Based in Behchokǫ̀, Northwest Territories, this website explains games of the Dene people and their cultural context. Intended for teachers, the site also includes a "tea and bannock" page for feedback.
Growing Up Ojibwe invites players to learn about Ojibwe history, language, treaty rights, and tribal sovereignty, while also better understanding connections between people and the environment (with activities including maple tapping, spearfishing, and wild rice harvesting).
3 Minecraft Education lessons developed for classrooms about Anishinaabe history, worldview and culture, in consultation with Knowledge Keepers and the Indigenous Education Team at Louis Riel School Division.
Na'he'tse'ah is a traditional Dene hand game, played today at cultural events like the Dene Tha' assembly at Bushe and Meander River. The Royal Alberta Museum brings us this video of the game as part of their "What Makes Us Strong" gallery.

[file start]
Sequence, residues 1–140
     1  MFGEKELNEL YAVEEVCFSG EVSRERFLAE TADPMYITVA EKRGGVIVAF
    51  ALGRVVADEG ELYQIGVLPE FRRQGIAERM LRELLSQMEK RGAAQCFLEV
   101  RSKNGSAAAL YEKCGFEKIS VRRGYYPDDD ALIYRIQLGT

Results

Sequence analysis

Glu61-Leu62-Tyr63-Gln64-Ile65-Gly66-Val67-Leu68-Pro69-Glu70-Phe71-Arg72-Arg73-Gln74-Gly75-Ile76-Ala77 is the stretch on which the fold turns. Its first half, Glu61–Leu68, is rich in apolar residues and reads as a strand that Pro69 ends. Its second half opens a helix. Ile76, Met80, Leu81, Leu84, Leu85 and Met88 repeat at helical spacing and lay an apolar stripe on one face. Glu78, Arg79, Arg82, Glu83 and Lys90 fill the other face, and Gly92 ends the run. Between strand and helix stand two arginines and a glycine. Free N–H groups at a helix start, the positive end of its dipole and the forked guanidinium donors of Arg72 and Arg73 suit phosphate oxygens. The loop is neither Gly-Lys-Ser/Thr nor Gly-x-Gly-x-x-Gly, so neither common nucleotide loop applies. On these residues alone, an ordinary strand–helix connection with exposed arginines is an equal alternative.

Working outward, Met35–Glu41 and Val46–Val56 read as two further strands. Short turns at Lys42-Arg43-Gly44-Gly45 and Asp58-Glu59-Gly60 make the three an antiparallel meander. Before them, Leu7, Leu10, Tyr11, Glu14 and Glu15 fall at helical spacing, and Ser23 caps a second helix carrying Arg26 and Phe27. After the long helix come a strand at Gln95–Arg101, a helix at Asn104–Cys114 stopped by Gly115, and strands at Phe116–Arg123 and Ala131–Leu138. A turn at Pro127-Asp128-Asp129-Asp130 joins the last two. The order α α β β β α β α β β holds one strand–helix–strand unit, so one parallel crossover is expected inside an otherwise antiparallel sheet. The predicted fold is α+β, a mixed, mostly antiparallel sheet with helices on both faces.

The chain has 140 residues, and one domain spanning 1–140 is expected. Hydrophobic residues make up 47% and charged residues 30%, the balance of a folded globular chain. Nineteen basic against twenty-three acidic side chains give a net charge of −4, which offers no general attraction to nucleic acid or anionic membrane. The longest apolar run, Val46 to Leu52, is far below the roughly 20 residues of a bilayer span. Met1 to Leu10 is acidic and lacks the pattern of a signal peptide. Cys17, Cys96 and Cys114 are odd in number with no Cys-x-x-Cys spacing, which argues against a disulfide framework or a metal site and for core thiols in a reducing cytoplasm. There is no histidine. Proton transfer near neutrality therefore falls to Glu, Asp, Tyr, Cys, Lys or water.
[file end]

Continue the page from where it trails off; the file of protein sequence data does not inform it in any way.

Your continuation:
A collection of games from the Plains Cree that were documented as part of a project funded by Industry Canada. Intructions and equipment used to play the games are described in a modified method on this site. Equipment has been adapted to fit material easily accessible today.
The Mi'kmaq dice-and-bowl game Waltes, played since at least before settler contact, is experiencing a resurgence. This article briefly explains the game and focuses on the importance of games as part of cultural heritage.
Set on Earth in the far distant future, this 2-player cooperative video game explores what first contact between Indigenous and Settler peoples might look like thousands of years from now. Game must be downloaded to a desktop.
In the 2D sidescroller Thunderbird Strike, fly from the Tar Sands to the Great Lakes as a thunderbird protecting Turtle Island with searing lightning against the snake that threatens to swallow the lands and waters whole.
This game is available for free on Android, IOS, and PC.